William and Lucy Clifford

A Story of Two Lives

Published 1999 in the English Literary Studies series
University of Victoria Press.

Although I had known of William Clifford through my husband's long involvement with the applications of Clifford Algebras it was not until in 1997, when reading Leon Edel's Life of Henry James, that I became interested in William's wife Lucy and began my research. When Henry James died in 1916 Lucy Clifford along with two of Henry's young friends, Jocelyn Persse and Hugh Walpole, received legacies of £100. They were the only people outside his family to be remembered in this way. 

In 1998 I was fortunate enough to trace typescripts of some seventy of Henry James's letters to Lucy in the Houghton Collection at Harvard. Only eleven of them had been previously published. Professor Marysa Demoor and I edited, annotated and published the full collection with the University of Victoria Press in 1999 as part of their English Literary Studies Series. The book is titled ' "Bravest of women and finest of friends": Henry James's Letters to Lucy Clifford'

Biographical details about Lucy are thin on the ground. She was secretive - even devious - about events in her early life. However, letters are often as revealing of the personality of the recipient as of the writer and this was certainly the case with Henry James's letters to Lucy - as we read his letters we learn about her and it becomes clear that Lucy held a very special place indeed in Henry James's affections.

In her review of the book for Victorian Periodicals Review, Mary Elizabeth Leighton of The University of Alberta wrote 'One can only regret that Henry James burned his papers before his death. 'If Lucy Clifford was half as lively as his remarks to her and the introduction to the book suggest, her letters would have been a rare pleasure indeed.'

Leighton notes that, above all, James appreciated Clifford's 'generous sympathy' for his work, and he in turn offered her criticism, both generous and severe, of her own writing. The intimacy of their friendship is manifest in his moving letters about the death of his brother William and about the declaration of war in 1914.The letters also demonstrate the trust that he had in Lucy' discretion since he would sometimes express quite scandalous criticisms of mutual acquaintances and beg her to burn these letters immediately after reading them. Importantly the letters reveal how much James treasured the closeness of their friendship.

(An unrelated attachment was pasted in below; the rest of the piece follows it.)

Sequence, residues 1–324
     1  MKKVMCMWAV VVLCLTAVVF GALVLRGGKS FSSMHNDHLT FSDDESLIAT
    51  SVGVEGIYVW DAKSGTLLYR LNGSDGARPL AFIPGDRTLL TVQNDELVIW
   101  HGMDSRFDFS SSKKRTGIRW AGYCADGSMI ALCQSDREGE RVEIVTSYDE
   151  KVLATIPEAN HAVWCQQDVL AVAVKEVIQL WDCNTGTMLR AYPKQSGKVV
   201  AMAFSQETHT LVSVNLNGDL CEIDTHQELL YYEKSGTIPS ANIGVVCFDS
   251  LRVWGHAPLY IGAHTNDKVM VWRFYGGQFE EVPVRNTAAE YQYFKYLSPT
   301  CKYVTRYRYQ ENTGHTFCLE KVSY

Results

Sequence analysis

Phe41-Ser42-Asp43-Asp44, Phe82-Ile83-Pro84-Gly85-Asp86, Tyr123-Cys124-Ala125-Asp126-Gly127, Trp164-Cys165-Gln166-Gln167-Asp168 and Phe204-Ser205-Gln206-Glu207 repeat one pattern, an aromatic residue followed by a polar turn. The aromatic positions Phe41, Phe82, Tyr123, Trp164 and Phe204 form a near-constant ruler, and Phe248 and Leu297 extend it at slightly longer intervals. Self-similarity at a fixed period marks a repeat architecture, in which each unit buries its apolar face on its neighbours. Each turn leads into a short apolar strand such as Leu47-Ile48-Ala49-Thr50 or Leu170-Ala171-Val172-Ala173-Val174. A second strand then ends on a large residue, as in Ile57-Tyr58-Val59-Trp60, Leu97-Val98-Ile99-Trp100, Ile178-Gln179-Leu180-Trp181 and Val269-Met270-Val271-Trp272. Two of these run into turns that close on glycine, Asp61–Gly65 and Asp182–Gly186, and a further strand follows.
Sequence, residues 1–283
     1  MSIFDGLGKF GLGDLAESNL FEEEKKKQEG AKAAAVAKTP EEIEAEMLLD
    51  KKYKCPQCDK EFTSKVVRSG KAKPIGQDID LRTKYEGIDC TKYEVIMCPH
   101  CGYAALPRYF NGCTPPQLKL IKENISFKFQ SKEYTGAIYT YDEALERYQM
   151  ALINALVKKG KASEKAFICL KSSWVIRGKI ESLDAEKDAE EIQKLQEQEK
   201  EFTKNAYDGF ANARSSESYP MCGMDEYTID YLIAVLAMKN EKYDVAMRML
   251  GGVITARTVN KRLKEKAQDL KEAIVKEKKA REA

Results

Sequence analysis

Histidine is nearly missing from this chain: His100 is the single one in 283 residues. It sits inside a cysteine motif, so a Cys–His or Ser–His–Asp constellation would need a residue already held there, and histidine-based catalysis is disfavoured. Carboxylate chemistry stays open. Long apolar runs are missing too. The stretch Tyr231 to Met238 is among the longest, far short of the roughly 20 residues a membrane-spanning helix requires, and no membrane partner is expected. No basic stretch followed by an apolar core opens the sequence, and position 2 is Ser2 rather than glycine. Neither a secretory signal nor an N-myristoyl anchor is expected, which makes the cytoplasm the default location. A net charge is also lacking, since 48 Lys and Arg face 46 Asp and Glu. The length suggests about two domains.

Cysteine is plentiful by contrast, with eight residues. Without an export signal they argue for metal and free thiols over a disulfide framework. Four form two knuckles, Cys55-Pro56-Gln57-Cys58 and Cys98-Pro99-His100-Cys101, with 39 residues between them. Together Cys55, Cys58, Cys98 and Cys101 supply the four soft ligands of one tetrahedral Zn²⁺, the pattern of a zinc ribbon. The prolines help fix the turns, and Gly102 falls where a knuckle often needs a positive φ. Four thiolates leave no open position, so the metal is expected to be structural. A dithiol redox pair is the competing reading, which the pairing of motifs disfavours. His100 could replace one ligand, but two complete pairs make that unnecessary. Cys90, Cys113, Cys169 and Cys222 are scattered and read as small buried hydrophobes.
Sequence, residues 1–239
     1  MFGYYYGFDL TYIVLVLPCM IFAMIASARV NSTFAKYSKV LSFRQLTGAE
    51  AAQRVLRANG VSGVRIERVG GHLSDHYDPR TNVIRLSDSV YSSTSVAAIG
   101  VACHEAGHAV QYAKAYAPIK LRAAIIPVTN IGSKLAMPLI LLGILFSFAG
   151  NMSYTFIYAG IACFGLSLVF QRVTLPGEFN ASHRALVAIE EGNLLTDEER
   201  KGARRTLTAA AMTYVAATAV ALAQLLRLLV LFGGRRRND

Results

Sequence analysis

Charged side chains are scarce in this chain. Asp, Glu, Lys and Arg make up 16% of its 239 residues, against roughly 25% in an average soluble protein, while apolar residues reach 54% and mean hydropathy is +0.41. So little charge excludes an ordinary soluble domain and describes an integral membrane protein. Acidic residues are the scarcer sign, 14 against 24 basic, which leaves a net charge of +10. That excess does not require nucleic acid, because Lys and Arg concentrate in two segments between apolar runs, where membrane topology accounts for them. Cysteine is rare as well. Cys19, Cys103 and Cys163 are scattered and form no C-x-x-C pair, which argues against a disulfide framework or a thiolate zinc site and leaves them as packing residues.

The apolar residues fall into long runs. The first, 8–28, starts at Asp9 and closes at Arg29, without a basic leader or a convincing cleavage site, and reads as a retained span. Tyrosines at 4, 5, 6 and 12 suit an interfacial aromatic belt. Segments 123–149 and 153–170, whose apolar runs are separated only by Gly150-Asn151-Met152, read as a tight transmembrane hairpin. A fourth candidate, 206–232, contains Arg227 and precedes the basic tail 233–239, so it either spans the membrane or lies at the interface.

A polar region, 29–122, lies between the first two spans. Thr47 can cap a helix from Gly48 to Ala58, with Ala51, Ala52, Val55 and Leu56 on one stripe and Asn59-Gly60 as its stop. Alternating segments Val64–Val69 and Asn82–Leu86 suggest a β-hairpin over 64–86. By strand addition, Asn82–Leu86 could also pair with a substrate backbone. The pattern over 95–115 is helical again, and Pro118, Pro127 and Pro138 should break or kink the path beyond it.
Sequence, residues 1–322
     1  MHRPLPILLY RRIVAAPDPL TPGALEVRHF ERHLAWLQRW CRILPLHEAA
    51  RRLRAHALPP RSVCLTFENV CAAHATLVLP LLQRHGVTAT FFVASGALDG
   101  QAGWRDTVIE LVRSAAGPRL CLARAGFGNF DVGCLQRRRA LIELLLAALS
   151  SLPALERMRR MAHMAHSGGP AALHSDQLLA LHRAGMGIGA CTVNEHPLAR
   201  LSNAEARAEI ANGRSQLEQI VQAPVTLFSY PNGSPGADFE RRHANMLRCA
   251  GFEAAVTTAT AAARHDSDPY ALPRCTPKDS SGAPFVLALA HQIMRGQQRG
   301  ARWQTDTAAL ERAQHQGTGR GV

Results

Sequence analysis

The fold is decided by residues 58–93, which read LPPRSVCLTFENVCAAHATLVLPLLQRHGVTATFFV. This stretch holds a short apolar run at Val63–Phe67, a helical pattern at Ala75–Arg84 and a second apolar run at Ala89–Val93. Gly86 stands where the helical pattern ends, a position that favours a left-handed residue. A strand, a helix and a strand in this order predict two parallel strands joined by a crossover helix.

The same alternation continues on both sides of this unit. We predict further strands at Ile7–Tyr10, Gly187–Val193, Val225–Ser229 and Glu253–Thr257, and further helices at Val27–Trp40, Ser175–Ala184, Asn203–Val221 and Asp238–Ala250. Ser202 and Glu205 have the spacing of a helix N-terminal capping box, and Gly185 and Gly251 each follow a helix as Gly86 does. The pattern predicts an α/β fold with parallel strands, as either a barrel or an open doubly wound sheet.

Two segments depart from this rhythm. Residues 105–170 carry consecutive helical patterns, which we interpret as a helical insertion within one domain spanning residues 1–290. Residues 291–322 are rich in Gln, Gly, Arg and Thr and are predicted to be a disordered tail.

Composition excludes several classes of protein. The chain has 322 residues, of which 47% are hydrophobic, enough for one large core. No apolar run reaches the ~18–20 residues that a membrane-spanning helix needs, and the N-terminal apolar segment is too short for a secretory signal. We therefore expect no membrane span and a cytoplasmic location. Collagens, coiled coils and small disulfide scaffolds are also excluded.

Sadly, few of Lucy's letters to him remain: they probably went up in smoke in his regular burnings of personal correspondence in the fireplace and garden at Lamb House.

In most of his letters he addressed her as 'Dearest Lucy C' or 'Dearest Lucy' but used 'Good and Only Aunt'; 'Dearest Creature'; and 'Beloved Girl' too. Almost every letter is closed differently - 'your all faithful and fond'; 'yours re-boundingly'; 'evvy your Nevvy'; 'your ever so affectionate'; 'your doting old Nevvy'; 'constantly yours'; 'your most adhesive and devoted'; 'your ever clinging'; 'your constant old Nevvy'; 'tender and true'; 'all increasingly'; 'seedy and stumbling but not quite crumbling' Henry James. Just one letter ended up with a frivolous 'ever your Lambkin'!

Henry James was only three years older than Lucy but the teasing 'Aunt' and 'Nevvy' epithets came about in 1892 when Lucy published Aunt Anne, which was considered to be one of her best novels.

The Henry James letters to Lucy span the years 1892-1914 and are rich in detail about the literary and theatrical scene of the period.